June 15 – Under fire from players, fans, pundits and sections of the media for sanctioning the resumption of the Denmark-Finland Euro 2020 fixture so soon after Christian Eriksen’s shocking cardiac arrest, UEFA has sprung to its own defence by insisting the teams were not placed under any pressure.
The game resumed about 90 minutes after the incident and the Finns, who were second best until Eriksson collapsed and the game briefly suspended, went on to win 1-0.
Denmark striker Martin Braithwaite is the latest to criticise UEFA saying that the players were not prepared to go back on the field so quickly.
“We had two choices from UEFA, to go out and play the match immediately or play the next day at noon,” he said. “We took the lesser of two evils to finish the match. Many of the players were not in a condition to play this match. We were in a different space.
“It was not our wish. Those were the only options we had. We had two options and in that situation were told we had to make a decision. That is all I can say on that.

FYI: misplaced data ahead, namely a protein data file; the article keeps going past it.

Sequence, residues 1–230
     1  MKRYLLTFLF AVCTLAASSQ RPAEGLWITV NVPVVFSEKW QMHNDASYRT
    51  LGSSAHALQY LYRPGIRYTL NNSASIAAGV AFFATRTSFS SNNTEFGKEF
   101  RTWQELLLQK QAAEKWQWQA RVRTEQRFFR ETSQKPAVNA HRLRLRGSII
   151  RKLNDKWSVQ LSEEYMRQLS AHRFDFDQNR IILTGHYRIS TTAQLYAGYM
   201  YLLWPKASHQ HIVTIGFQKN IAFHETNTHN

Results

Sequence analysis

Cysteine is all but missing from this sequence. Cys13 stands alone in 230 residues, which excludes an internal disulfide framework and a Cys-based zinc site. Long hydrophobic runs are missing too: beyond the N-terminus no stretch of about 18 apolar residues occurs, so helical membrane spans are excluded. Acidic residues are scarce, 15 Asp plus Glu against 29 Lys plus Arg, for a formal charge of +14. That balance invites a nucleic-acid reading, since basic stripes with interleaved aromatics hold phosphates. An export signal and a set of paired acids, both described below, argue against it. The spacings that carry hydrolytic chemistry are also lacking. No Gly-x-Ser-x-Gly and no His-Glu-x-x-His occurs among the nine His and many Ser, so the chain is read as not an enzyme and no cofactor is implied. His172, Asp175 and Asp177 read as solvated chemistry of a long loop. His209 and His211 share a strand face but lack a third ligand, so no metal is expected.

But UEFA denied accusations of insensitivity.
“UEFA is sure it treated the matter with utmost respect for the sensitive situation and for the players,” a statement said. “It was decided to restart the match only after the two teams requested to finish the game on the same evening. The players’ need for 48 hours’ rest between matches eliminated other options.”
Meanwhile Eriksen sent his first public message from hospital on Tuesday, thanking supporters for their “sweet and amazing” well-wishes.
“It means a lot to me and my family. I’m fine – under the circumstances,” said the Inter Milan midfielder. “I still have to go through some examinations at the hospital, but I feel okay. Now, I will cheer on the boys on the Denmark team in the next matches.”
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